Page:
Above we looked at how to use Testcontainers via the JDBC URL hook. This can be a great when your use case is pretty simple, however the complexities of applications in the real world often mean a need for greater control and customization in behavior.

First step would be to bring in the Testcontainers junit-jupiter library.

There are a lot of similarities with the previous code example, so lets focuses only on the differences.

At the top of the test class, is the @TestContainers annotation. This brings in the Testcontainers extension into the class which scans for fields annotated with @Container such as in this case PostgreSQLContainer container. A @Container field can be either static or an instance field. Static containers are started only once and are shared between test methods, instances containers are started and stopped for each test method.

@Container
private static PostgreSQLContainer container = new PostgreSQLContainer("storm_tracker_db:latest");

Here the container that will be used in this test class is defined. Like with the JDBC URL method, you are not required to use a base postgresql image, in this case the customer image “storm_tracker_db” is being used (the Dockerfile for this image is here). As long as the database within the container is postgres, you are fine. While not much additional customization is being done to the container in this class. Testcontainers does offer a number of options such as: executing commands, setting a volume mapping, or accessing container logs, among others. Be sure to check the documentation under features and modules for what is available, as well as the javadoc (v1.11.1).

These additional features provided when using a Testcontainer as a class field allow for flexibility in putting the container within a specific state for a test, easily switching the datasets to be used in a test, or being able to view the internals of container to verify expected behavior.

An additional benefit of using a Testcontainer as a class field is the ability to reference values from the container in use. In Initializer I am using container to populate the JDBC URL (container<span class="pl-k">.</span>getJdbcUrl()), username, and password properties for the Spring test application context. By default when using PostgreSQLContainer the username and password are both “test”, so we don’t really need to pull these values from the container, however the JDBC URL is dynamic. Being able to pull values from a container and pass them in to the application context for a Spring test, helps to increase the flexibility when using Testcontainers. Without this, you might have to use pre-defined ports, IPs, or other values, which might run into trouble when the tests are being executed on a build server.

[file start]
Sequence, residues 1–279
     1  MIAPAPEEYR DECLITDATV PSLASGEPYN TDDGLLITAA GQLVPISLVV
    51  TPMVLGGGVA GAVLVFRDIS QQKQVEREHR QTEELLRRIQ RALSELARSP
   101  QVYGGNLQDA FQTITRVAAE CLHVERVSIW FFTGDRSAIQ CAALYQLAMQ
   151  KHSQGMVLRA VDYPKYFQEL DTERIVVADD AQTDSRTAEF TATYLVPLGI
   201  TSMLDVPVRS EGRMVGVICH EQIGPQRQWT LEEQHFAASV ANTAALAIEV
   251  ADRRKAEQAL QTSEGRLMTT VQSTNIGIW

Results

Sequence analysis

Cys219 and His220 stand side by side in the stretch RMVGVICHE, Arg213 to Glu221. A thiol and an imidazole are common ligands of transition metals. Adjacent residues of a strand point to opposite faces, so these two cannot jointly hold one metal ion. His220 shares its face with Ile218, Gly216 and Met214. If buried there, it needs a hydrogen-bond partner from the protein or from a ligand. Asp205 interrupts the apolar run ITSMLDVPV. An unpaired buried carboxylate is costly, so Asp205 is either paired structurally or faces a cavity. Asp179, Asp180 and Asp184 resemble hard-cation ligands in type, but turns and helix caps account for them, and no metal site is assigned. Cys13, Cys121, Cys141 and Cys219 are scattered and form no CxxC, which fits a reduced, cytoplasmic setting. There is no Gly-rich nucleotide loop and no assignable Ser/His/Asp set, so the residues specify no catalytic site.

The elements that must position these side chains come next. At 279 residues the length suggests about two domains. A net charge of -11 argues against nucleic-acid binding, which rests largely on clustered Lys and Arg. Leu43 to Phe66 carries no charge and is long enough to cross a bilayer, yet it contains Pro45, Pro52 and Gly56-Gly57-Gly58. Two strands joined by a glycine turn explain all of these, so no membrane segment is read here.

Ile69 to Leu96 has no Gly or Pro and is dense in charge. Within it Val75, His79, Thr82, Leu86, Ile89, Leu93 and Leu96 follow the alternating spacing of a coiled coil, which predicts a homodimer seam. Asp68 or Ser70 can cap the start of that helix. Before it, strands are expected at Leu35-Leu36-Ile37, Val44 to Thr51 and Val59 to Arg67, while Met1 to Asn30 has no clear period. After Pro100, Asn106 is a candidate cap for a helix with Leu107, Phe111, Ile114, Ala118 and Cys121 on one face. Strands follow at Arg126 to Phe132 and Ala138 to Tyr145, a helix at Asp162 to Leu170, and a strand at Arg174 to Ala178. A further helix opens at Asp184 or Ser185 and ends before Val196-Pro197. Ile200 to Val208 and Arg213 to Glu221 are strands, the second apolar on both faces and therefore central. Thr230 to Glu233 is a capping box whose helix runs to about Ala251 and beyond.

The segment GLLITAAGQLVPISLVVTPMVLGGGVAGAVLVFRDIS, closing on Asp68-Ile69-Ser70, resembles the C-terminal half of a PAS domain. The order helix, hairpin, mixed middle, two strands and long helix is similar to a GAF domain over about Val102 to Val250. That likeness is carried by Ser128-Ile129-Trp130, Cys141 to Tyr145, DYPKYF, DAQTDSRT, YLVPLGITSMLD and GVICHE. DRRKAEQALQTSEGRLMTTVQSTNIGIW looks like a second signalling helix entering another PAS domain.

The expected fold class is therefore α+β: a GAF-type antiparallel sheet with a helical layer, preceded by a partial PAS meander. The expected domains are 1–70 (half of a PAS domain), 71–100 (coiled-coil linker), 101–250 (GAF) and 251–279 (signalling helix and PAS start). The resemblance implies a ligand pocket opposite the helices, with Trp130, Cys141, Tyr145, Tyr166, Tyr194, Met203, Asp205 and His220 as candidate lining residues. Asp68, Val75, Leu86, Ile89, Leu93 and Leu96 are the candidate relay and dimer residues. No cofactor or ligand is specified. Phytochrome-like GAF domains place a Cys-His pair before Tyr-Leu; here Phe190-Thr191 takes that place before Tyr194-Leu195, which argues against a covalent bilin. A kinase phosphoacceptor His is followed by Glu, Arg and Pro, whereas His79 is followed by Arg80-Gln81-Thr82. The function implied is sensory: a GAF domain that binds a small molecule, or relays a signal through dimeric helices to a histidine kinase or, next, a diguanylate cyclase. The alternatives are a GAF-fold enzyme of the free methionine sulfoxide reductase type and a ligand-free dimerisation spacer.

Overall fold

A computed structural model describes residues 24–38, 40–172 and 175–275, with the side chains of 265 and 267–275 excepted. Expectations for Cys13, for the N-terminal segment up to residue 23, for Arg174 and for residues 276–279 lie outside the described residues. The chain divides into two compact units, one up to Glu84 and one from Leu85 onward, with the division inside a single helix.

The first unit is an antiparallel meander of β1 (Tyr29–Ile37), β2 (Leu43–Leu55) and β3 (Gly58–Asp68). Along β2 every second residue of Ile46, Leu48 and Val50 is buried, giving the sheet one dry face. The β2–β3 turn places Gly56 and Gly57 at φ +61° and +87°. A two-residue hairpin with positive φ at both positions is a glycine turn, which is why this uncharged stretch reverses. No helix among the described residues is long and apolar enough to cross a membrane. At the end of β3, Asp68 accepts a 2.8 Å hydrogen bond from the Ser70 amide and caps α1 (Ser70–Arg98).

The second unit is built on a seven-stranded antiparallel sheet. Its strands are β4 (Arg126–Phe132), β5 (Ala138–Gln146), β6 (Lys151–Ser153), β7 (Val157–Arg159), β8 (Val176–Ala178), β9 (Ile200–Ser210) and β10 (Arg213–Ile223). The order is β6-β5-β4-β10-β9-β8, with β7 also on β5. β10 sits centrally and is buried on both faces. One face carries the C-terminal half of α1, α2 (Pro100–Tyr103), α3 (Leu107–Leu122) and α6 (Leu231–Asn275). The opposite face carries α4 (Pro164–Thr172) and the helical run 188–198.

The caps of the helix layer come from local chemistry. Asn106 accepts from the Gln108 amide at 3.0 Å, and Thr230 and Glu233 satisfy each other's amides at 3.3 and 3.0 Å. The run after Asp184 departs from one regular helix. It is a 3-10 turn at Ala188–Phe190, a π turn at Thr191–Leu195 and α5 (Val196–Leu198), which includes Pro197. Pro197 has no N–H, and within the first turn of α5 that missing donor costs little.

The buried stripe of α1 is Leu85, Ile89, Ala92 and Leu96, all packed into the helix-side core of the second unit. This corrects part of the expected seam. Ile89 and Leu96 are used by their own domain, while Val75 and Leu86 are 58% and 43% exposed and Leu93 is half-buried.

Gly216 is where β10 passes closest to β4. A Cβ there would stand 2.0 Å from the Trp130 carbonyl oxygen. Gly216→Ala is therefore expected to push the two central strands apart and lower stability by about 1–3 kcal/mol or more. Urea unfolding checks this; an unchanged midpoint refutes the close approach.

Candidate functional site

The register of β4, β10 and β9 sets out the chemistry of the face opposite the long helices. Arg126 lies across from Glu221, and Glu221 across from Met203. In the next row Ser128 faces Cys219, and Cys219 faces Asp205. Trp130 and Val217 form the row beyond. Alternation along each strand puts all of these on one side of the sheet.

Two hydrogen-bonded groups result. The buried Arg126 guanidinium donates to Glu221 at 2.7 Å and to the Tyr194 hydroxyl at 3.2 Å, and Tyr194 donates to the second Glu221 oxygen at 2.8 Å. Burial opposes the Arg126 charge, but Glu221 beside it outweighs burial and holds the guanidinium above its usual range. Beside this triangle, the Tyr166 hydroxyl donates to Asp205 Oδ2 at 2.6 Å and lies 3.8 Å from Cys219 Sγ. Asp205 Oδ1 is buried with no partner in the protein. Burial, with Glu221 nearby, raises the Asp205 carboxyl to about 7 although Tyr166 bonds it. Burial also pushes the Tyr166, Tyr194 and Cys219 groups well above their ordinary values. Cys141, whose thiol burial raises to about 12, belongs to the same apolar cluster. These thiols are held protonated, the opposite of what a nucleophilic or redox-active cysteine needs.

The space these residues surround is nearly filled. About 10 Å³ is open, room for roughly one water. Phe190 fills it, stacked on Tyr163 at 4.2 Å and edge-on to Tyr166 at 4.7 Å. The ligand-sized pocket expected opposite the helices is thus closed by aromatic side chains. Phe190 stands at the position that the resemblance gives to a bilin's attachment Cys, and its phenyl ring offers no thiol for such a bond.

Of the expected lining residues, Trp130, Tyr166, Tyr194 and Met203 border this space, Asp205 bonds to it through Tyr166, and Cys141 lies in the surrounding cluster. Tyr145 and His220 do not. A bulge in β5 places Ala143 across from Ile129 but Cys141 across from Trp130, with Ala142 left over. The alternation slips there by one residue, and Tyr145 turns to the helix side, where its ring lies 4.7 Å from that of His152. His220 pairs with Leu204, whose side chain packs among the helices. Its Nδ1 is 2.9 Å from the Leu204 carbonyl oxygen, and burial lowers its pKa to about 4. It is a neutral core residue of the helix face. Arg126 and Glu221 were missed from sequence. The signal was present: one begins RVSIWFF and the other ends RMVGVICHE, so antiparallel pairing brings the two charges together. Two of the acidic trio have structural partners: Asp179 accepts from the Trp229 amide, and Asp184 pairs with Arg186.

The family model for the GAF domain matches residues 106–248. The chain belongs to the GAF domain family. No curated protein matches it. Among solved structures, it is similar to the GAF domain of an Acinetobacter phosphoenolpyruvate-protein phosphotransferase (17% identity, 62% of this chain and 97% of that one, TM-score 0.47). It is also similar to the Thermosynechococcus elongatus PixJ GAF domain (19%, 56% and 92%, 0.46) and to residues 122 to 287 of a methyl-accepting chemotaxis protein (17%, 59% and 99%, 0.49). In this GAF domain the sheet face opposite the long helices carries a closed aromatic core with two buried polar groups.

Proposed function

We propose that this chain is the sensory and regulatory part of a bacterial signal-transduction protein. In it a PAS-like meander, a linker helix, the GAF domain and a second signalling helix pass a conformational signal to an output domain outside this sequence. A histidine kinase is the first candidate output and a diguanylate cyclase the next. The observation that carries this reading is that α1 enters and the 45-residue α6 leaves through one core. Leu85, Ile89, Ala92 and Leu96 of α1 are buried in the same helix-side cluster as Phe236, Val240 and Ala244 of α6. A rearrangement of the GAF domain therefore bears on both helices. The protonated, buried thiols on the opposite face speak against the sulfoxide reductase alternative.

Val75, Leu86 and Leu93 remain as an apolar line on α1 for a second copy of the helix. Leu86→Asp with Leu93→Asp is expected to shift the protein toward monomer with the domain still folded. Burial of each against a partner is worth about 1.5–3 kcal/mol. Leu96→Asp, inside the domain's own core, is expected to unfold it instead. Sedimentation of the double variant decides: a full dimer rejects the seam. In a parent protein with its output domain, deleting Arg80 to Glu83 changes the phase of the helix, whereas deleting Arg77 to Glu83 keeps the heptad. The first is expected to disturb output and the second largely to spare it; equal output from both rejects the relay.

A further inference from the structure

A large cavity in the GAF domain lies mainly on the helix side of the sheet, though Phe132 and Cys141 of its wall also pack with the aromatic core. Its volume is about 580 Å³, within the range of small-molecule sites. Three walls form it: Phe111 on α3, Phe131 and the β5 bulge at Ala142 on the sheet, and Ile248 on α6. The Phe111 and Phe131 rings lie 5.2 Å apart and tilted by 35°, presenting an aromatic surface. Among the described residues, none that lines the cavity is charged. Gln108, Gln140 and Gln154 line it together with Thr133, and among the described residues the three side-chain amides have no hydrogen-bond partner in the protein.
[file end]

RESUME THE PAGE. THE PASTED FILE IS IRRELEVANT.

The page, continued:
Conclusions

I’m excited to see how much Testcontainers has grown both as a project and in interest from the community from when I first started using it. I have often struggled when writing integration tests, having to deal with either flickering tests, or the overhead of install and maintain a local resource. Neither are pleasant experiences. Testcontainers brought sanity in my life to the difficult task of writing integration tests.

The code used in this article can be found here.

How to Test Logging in Java Part Two: Parallel Boogaloo

In the first article in this series we looked at a simple way of capturing and verifying logging statements using a static list appender. The static list appender method works great if you are executing your test suite in a single thread, but isn’t practical when executing tests in parallel due to all the logging statements being written to a single list.

Whether or not a test suite can be executed in parallel should not depend upon if there are tests case verifying logging statements. We shouldn’t need to choose between a fast executing test suite or an application that produces accurate logging statements. So in this article we are going to look at a couple different methodologies for testing logging statements in a multi-threaded environment. We will also preview some of the new parallel testing features coming in JUnit 5.3, which should be released sometime in August.

Using a Thread Safe Appender

Parallel test execution works by spinning up multiple threads and using those threads to execute test simultaneously. This causes havoc when using a single list to capture logging statements across the entire JVM, but a way to get around this is to create a new list in each thread. To accomplish this we will make use of the ThreadLocal functionality in Java. Here is an example of an appender using ThreadLocal to capture logging statements:

In the code above we have the static field threadLocal that will accept a Listof ILoggingEvents. When append() is called the appender will retrieve the List for the current thread. If no list is present a new List is initialized and added to ThreadLocal. Finally the logging statement is added to the list.

getEvents() will retrieve the list of logging statements for the current thread and clearEvents() will remove the logging statements for the current thread. This class is pretty similar to StaticAppender, just with a few tweaks.

Configuration will look more or less the same, just we will be referencing the ThreadSafeAppender instead of StaticAppender:

The next step is configuring Maven to execute the test suite in parallel. The updated surefire configuration looks like this: